The Same Insecticide That's Killing Bees Is Also Killing Birds

A class of pesticides linked to colony collapse disorder in bee colonies has now been linked to a dramatic decline in insectivorous bird populations. Disturbingly, this could also mean that other animals along the food chain are at risk as well.

Earlier this year, scientists presented some of the most compelling evidence yet that neonicotinoids, a popular form of insecticide, are largely responsible for the destruction of bee populations worldwide.

Now, Dutch scientists from Raboud University have published the first study correlating imidacloprid, a neonicotinoid insecticide, to the marked decline of common insectivorous birds. The chemical, it would appear, is getting to the birds indirectly via the food chain. Imidacloprid, which is the most widely used insecticide in agricultural systems around the world, explains the decline better than other factors, such as land use.

The researchers came to this conclusion after combining the data from the District Water Boards with systematic bird counts taken before and after imidacloprid was introduced in 1995. The decline in farmland bird species started before 1995, but the local differences in this decline were not seen in the counts made before then.

A press release from the researchers explains more:

Imidacloprid is used in agriculture and horticulture to treat seeds and bulbs, and as a crop spray in greenhouses and in the open. It affects insects' central nervous systems, so that they become disorientated and paralysed, and then die. It has also been linked to a decline in bee numbers, and other invertebrates.

The researchers do not yet know precisely what causes the decline. Is it a lack of food? Eating contaminated insects? A combination of both? For a few species, eating seeds coated with insecticide cannot be excluded as an explanation. It is not clear whether breeding success is declining or mortality is increasing, or both.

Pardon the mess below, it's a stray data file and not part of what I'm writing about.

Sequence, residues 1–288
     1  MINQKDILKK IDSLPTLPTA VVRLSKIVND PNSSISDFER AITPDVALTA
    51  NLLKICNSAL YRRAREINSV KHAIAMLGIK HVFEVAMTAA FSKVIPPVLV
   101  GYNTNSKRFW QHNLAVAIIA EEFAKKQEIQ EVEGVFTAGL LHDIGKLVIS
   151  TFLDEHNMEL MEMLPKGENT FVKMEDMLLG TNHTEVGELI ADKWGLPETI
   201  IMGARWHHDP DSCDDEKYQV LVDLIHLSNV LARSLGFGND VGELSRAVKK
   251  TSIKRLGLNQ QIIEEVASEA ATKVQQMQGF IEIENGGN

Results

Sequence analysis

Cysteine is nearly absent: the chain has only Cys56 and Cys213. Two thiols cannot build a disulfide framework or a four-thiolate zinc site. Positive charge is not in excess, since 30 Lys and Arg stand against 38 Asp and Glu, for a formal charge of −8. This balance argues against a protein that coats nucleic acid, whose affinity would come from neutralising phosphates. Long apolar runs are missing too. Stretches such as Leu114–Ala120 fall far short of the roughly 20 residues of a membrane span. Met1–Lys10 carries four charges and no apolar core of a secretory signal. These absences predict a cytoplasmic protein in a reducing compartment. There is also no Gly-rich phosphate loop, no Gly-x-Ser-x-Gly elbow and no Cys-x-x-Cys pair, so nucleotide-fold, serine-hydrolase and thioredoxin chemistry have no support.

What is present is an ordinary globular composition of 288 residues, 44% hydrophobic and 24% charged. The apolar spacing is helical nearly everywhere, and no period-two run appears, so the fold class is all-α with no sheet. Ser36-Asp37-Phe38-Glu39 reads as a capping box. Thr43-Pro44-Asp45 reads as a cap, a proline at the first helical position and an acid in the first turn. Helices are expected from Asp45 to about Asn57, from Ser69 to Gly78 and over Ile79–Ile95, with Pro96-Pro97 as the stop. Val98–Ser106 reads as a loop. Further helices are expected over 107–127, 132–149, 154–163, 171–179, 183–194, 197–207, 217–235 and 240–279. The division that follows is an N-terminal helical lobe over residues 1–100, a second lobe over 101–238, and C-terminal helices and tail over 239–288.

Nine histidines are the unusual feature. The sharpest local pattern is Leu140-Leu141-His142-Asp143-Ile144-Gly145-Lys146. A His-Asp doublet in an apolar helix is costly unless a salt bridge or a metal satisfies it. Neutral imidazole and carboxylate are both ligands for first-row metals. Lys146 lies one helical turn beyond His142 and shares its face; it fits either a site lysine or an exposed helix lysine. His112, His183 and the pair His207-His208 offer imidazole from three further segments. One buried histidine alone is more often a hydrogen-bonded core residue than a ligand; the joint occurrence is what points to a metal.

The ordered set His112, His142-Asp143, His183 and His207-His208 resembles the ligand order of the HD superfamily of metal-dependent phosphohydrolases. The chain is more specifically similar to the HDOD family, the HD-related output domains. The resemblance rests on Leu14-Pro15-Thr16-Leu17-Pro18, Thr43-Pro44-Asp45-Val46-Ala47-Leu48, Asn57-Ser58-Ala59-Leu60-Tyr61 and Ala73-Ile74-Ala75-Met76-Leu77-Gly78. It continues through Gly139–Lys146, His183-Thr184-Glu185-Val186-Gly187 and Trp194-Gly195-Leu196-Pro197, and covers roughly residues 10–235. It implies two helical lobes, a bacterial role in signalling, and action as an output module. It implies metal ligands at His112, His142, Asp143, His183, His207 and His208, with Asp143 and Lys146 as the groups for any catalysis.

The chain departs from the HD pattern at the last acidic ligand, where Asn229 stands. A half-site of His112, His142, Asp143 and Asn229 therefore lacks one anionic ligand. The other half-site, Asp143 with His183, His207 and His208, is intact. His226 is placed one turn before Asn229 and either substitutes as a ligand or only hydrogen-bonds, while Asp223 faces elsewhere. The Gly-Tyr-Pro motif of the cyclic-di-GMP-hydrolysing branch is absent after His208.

'Neonicotinoids were always regarded as selective toxins. But our results suggest that they may affect the entire ecosystem. This study shows how important it is to have good sets of field data, and to analyse them rigorously. Thanks to our partnership with organisations such as Sovon, we can discover ecological effects that would otherwise be overlooked ,' says De Kroon.

Bayer, the manufacturer of imidacloprid, rejects the findings, saying it doesn't provide a "causal link" between the chemical and the decline in birds. A spokesperson for Bayer was quoted in the BBC as saying:

Neonicotinoids have gone through an extensive risk assessment which has shown that they are safe to the environment when used responsibly according to the label instructions. Birds living close to aquatic habitats — the species that one could expect to be affected most by concentrations of neonicotinoids in surface water — show no or negligible negative impact.

Ah, so farmers aren't following the instructions. Gotcha.

Scientists say that if insectivorous birds are declining because of the pesticide, than other animals that eat insects may be in trouble as well. To that end, they're looking at populations of bats, hedgehogs, fish, and more to find out.

Read the entire study at Nature: "Declines in insectivorous birds are associated with high neonicotinoid concentrations". Additional information via Raboud University.

Image: Jouke Altenburg.